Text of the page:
The Parallax Brief

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Unrepentant Subjectivity on Economics, Politics, Defence, Foreign Policy, and Russia

Stagflation in Russia Now

The last week saw a barrage of apocalyptic news and data releases for the Russian economy. First, on January 30, Alexei Kudrin, the Russian Finance Minister, admitted that Russian budget revenue might this year tumble by an almost unimaginable 40%.

On the same day, while the rest of the G8 central banks engaged in frantic monetary easing to boost ailing economies, the Central Bank of Russia enjoyed no such luxury, and was forced to raise two of its key interest rates as part of a desperate rearguard action against capital outflows and a deteriorating ruble.

Shortly after, on February 2, news emerged that the Russian economy grew only 5.6% in 2008, the lowest since 2002, and undershooting the Bloomberg analysts’ consensus of 6%. Considering the blistering start to the year, it is clear that the fourth quarter was disastrous for Russia: Russian industrial output, for example, was savaged, plunging 10.3% in December, its worst monthly performance since at least 2003.

Further, VTB’s Manufacturing Purchasing Managers’ Index, in which a figure over 50 indicates growth and under 50 denotes contraction, was at a petrifying 34.4 for January, a touch over it’s alltime low of 33.8 – from December. Both months were lower than at any time during the ’98 crisis.

“The degree and pace of decline,” an S&P analyst told Bloomberg, “has exceeded historical precedents.” Quite. And just think of the kind of historical precedents there are in Russia.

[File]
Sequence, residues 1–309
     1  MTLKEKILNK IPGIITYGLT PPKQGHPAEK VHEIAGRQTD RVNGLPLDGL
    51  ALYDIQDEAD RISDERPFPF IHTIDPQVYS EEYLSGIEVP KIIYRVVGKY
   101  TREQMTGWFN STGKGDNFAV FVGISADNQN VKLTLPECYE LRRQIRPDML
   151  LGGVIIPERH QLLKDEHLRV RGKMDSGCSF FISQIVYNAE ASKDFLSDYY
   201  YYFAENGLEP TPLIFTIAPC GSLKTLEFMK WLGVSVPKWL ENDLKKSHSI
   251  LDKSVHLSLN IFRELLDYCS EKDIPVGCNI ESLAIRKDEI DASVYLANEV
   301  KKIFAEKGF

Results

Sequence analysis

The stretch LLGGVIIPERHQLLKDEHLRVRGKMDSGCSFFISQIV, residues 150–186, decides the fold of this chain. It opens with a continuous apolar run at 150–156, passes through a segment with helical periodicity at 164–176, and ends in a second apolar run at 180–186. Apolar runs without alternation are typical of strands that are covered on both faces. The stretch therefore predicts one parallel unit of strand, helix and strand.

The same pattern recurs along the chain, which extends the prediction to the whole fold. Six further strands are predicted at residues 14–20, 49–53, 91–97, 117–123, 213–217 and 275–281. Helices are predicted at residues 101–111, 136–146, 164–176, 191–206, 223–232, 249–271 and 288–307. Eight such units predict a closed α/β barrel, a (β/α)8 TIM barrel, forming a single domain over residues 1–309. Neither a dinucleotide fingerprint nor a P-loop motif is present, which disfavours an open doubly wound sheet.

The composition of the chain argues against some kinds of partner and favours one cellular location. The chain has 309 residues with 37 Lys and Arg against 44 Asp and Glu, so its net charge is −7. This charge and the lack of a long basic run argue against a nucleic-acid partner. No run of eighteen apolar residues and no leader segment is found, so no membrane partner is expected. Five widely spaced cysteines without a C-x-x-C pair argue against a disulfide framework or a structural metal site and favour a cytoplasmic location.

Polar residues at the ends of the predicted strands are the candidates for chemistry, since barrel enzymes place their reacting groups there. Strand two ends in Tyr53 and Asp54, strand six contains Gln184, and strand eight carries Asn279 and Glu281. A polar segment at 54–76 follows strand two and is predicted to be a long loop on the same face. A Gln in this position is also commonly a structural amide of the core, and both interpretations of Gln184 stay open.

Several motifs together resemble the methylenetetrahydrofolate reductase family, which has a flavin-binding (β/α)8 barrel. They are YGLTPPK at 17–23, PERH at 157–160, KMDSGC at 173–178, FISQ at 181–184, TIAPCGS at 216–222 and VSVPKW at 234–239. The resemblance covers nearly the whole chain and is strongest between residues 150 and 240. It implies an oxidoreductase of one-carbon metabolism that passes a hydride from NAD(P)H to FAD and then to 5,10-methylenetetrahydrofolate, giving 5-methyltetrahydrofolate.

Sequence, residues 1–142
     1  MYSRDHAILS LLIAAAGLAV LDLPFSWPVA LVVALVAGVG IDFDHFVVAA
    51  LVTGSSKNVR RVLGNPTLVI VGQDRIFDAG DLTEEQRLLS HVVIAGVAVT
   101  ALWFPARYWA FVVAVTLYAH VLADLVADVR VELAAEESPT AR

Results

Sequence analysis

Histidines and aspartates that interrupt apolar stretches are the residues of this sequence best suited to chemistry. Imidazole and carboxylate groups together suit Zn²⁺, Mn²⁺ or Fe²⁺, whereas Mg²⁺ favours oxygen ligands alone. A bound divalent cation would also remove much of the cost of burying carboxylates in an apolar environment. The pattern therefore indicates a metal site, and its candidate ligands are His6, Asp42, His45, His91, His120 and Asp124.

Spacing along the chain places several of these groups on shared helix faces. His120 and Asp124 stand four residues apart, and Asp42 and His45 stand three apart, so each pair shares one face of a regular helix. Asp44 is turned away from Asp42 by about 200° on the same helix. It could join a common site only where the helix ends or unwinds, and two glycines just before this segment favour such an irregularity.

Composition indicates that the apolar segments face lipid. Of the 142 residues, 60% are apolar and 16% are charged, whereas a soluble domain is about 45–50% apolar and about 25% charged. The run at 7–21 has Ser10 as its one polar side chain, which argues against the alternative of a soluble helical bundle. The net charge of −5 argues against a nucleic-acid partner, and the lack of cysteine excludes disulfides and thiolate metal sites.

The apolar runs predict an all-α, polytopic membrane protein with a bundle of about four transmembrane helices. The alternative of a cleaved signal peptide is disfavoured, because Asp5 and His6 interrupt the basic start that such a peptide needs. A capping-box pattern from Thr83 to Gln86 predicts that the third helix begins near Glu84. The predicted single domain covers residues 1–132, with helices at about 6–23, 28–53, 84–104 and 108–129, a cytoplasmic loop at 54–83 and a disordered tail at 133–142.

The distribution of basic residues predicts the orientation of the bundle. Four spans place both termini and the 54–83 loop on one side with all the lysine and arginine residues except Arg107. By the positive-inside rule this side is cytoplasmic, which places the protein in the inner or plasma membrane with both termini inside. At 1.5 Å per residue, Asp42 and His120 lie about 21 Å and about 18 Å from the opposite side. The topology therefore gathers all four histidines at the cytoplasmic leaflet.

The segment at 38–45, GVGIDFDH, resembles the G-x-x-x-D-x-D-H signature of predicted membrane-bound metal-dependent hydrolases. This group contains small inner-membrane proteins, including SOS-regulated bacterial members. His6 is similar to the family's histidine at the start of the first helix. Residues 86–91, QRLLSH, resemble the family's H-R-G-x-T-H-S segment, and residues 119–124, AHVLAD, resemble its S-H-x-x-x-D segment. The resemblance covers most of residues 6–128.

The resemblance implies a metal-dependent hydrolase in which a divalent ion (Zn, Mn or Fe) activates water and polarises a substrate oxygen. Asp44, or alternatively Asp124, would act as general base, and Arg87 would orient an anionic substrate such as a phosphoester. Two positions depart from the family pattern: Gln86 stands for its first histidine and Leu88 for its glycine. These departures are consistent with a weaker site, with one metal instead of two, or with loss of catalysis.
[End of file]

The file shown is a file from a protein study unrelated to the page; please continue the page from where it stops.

The Russian government expects the economy contract by 0.2% this year. Most analysts fear at least 3% — the hardest of hard landings for an economy skimming along at over 6% growth for the best part of a decade. So given that CPI for January alone stood at around 2.5%, and some analysts believe the devaluation of the ruble will lead to inflation at 20% this year, could I venture to offer another piece of good news for the Russian economy? Stagflation is here.

Stagflation is one of the great nightmares of capitalist economies. The mighty pain of economic stagnation is compounded by inflation, which taxes the poor by eating into their already meager income, and prohibits the efficient allocation of capital and debt. But stagflation also lingers with the persistence of a lodging mother-in-law by putting central banks and governments between a rock and a hard place. Loosening monetary policy to boost the economy merely stokes inflation; tightening to crush inflation exasperates economic woes.

It is this test the Russian government now faces.

Stagflation has not been mentioned in relation to Russia in the media yet, but the Parallax Brief believes that the evidence strongly suggests it has already gripped Russia and that it is a word that will feature prominently before long.

You heard it here first.

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